Gerard saved her once fourteen years ago, but can he save her again? (set in present day)
It was a dull, windy sort of day, where nothing was out of the usual, except perhaps the unseasonable chill and the extraordinary number of over fed pigeons; happily pecking at litter and harassing the more gullible passers by. One of their poor victims was a small child, a girl, who squealed and clutched her mother's clothing as a bird took flight a couple of feet in front of her, while another wandered too close to her tattered sneakers.
"Dante," the mother chided; her sunken eyes snapped toward the child without empathy.
Silently she bowed her head, coils of dark hair slipping forward to hide the tell tale expression of long suffering. They continued onward, and now the child ignored the pigeons, fearful of her mother's reproach. The sidewalk wasn't particularly crowded or empty, shoppers bustled along purposefully, and small congregations of louts loitered near the less guarded shopfronts; the mother didn't pause to pay any of these strangers mind.
By the time they neared their destination the child's gait showed the obvious soreness her sneakers were causing, and if it weren't for the mother's death grip on her arm, and the promised that the venue provided she surely would have lagged behind.
"We're going to the park, Mommy?" The girl's voice was hopeful, but her electric eyes showed she was already prepared for disappointment.
"Sort of," the mother replied, clutching the child tighter than necessary as they stepped onto a section of the road that had no pedestrian crossing.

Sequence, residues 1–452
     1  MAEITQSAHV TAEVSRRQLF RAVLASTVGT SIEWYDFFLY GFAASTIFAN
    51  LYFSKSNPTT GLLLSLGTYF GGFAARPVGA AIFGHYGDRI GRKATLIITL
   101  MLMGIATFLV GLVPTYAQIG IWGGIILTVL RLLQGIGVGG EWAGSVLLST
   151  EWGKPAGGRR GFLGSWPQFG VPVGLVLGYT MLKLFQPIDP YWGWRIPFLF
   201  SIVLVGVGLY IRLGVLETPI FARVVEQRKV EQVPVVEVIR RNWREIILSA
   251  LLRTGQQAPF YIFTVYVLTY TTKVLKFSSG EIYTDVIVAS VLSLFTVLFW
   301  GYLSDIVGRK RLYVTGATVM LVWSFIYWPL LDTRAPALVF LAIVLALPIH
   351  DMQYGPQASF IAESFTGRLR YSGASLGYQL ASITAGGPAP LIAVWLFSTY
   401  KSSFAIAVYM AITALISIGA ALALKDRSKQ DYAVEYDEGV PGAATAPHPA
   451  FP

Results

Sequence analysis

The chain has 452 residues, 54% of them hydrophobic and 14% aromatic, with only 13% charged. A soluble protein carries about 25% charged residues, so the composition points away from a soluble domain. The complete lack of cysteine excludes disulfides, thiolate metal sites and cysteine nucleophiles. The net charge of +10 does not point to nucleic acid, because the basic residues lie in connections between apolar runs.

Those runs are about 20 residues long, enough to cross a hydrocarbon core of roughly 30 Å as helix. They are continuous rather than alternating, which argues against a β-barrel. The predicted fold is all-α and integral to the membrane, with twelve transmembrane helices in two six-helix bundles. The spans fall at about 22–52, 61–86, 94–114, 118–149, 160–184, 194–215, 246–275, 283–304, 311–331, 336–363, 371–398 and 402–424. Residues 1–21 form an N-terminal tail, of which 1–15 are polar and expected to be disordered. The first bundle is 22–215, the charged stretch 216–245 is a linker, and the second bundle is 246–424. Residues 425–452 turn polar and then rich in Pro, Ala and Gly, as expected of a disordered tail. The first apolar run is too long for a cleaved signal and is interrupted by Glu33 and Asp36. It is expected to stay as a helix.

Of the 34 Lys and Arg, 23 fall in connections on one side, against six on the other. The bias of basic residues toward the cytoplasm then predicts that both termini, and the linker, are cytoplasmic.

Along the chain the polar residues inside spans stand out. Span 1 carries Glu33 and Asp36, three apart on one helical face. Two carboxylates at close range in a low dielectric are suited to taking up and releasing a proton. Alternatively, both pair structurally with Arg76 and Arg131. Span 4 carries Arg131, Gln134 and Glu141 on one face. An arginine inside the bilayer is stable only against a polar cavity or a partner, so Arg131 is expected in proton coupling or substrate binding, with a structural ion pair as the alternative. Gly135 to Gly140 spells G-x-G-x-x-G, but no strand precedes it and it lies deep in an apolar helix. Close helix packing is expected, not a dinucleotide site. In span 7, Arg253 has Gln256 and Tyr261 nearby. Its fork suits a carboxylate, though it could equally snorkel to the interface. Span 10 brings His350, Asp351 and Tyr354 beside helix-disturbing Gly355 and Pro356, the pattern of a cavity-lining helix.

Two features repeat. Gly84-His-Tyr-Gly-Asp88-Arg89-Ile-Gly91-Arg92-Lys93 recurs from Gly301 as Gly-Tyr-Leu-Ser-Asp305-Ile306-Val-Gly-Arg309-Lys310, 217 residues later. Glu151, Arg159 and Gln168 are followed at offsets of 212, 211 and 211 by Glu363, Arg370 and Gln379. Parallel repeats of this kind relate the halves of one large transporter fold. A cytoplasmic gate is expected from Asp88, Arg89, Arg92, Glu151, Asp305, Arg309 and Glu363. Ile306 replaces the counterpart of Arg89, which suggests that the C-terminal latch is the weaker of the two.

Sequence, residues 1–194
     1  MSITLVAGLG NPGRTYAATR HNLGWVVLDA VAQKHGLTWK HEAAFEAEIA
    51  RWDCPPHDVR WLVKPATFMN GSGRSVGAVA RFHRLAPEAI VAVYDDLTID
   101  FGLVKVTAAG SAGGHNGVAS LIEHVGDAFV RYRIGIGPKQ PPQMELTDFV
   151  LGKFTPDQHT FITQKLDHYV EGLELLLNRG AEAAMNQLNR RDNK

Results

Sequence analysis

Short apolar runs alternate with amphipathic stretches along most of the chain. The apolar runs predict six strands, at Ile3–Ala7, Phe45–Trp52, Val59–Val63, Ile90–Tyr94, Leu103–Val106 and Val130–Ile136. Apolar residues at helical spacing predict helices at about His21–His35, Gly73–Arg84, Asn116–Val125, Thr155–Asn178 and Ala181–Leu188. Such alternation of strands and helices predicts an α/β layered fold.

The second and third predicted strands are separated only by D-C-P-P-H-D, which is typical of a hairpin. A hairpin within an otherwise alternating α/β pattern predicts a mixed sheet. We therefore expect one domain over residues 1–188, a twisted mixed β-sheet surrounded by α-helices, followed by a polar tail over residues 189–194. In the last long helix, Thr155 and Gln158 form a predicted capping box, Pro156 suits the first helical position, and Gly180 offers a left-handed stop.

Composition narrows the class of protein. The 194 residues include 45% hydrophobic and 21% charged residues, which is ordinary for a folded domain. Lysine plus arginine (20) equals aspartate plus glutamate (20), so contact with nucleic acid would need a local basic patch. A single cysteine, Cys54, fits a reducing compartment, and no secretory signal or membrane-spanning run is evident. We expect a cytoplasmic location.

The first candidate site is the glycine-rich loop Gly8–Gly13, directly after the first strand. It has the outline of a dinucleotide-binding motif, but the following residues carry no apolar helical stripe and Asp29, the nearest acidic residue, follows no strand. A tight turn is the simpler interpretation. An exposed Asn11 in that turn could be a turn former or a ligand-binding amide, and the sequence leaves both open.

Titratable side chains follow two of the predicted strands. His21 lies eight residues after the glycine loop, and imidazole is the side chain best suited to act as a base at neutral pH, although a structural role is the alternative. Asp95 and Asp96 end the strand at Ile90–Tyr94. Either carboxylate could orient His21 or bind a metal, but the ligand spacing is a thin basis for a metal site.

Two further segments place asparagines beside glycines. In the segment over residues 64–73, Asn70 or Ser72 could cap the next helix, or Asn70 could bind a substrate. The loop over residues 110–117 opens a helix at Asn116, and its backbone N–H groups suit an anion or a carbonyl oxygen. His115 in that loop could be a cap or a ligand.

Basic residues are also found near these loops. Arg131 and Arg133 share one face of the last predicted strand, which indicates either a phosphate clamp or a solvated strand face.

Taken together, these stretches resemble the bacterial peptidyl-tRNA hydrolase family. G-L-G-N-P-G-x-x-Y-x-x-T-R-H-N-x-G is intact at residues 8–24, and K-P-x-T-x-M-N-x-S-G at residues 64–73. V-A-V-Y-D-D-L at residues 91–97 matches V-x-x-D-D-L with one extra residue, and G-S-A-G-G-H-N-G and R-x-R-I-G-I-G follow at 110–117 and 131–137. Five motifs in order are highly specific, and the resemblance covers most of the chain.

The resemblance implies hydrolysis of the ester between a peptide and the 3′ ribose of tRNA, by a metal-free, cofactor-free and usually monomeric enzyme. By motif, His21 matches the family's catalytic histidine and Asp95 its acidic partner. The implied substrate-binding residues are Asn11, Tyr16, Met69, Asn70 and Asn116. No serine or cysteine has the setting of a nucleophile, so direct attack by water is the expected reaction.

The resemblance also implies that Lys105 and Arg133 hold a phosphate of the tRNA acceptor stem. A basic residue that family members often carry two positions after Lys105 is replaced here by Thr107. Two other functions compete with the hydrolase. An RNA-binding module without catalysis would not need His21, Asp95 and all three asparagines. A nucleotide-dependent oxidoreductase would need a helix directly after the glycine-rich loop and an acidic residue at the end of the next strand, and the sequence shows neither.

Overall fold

"How can you sort of go to the park?" The girl frowned, attempting to decipher her mother's reply.
"You don't get to play," she told the young girl with finality.
"We're not sleeping, are we?" There was an undertone of a whine in the child's voice but another sharp glance from her apathetic mother made the child bite her tongue.
They walked perhaps forty or fifty meters into the park from the road side before the woman finally stopped beside a graffitied bench. She turned to the small child and silently picked her up, placing her on the cold steel. For the first time they looked one another in the eye, the woman's dull and clouded, the girl's wide, crackling with childhood; finally the mother stood straight and glanced away. After a moment she turned back.
"You stay here alright?" she asked the girl; a command not a request.
"Yeah," the girl replied, nodding in resignation. Like always her mother would be back in an hour or two, happier, and willing to then let her play on the equipment.
With one last look the mother turned away and walked back towards the road, but the girl didn't bother to watch her leave; she would come back. Instead the she started searching for something to occupy her mind for the next while. She began to watch two children on a swing set some distance away, duelling to see who could get themselves higher, but she quickly became frustrated, knowing that if she could join them, she'd beat them both.